Dian's Column
Dian's Archive

Lavine/Liberman Archive




Lipper
Muriel Siebert & Co.


GOLF FUND



Like the wild life of birdies and eagles? Then here's a fund to tee off with.

Golf.

It's one of those sports that folks either love or hate. Many can't seem to understand the big to-do in chasing little white balls around acres of perfectly manicured grounds. For others, there aren't enough hours in the day in which to play.

But no matter where you stand, it's hard to ignore golf's popularity. That's why a money management firm in San Diego, Calif., has started a golfing fund. And for specialty funds like this one, the game is marketing.

"Currently there are about 27 million golfers in America, " says Jeff Provence, portfolio manager of the Value Trend Links Fund,(800-590--0898).

Statistics show the older golfers get, the more rounds they play. For instance, from the time people are 45 to 55, the amount of rounds of golf that they play doubles. "And then from 55 to 65, it doubles again," says Provence who has been playing golf since he was 12.

With statistics like that, and an aging Baby Boomer population, it's easy to see how this golf enthusiast came up with the idea to invest in golf and golf related companies. But are there really enough golf-related companies around from which one can create a mutual fund?

The short answer is "no".

However, if you really stretch the definition, it's doable. How? Include everything from the manufacturers of golf clubs to golf balls, clothing to carts, then expand that to include firms that support and sponsor golf tournaments and then add golf course property managements firms, i.e., REITs.

The universe that Provence selects from has about 150 stocks in it. Currently, he's got 33 stocks in the Value Trend Links Fund portfolio. That's on the high end of holdings as he likes to keep anywhere from 28 to 32 companies in the portfolio. About 50 percent of those stocks are companies that make golf stuff; the other 50 percent, golf sponsors and related industries.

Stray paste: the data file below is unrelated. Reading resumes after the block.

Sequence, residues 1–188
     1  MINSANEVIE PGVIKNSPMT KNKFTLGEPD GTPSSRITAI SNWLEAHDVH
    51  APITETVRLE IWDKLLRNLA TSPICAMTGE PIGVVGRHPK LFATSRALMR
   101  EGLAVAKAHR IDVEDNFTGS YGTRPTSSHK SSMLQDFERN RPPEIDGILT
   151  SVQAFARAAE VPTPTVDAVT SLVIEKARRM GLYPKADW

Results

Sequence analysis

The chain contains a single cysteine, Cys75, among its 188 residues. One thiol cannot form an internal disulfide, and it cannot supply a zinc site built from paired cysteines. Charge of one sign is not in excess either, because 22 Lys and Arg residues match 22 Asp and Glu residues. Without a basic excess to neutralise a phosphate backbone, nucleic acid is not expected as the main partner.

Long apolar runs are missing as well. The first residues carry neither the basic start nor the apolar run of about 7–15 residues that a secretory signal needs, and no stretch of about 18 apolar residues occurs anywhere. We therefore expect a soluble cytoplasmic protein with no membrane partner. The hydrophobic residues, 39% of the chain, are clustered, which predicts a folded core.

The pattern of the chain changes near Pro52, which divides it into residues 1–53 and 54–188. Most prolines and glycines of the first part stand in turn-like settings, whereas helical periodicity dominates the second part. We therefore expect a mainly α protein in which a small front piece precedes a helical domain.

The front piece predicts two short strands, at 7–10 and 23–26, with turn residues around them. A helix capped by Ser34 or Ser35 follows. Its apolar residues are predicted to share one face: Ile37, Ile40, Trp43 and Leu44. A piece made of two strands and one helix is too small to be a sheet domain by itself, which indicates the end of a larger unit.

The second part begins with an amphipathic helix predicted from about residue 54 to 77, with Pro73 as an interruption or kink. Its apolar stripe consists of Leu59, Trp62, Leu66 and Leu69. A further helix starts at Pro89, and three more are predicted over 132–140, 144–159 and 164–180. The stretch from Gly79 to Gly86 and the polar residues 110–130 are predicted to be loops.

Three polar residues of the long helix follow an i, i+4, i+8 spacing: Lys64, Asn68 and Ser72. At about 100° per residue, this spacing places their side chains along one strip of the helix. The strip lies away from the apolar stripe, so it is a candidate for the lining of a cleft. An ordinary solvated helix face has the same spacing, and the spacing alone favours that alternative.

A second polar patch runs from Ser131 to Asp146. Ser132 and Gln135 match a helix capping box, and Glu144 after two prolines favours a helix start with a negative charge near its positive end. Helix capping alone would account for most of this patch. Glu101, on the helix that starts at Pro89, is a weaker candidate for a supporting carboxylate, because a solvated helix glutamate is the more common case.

The fund is managed with an eye toward momentum.

"You can't pigeon hole us as either a growth or value. If we see a company that may have a relatively high p/e, but their earnings are growth at a substantial rate, then we might consider them a great investment," he says.

One of the fund's top holdings is Charles Schwab. They've been in the fund since it's inception in January of this year and is a fit because Schwab is the official investment firm of the PGA.

Callaway, the No. 1. golf club manufacturer in the world and makers of those hearty Big Bertha clubs, is another holding. The company has also been developing a new golf ball that's expected to debut next year. Golf balls, it seems, can be a mighty profitable. "With more people playing golf, the more rounds played, the more balls lost, the more balls sold," says Provence.

You'll also find names like American Express and Fortune Brand in the fund.

Even though the Value Trend Links Fund did well during its first six months--it's performance was about par with that of the S & P 500's---year-to-date it's only up 1.06 percent, according to Lipper,Inc. Provence said that was due to a sell-off in Callaway and some of the financial stocks held by the fund. No matter what the reason, it's an indications of how volatile a focused fund can be.

For as great as the game of golf can be, as an investment, specialty funds---some call them gimmick funds---can be bogeys. One of the reasons is because their industry concentration adds risk to an already risky market place. So, if your game is golf, remember that the challenges you face on the course are only multiplied many times over in the market.

To read more articles, please visit the column archive.




[ top ]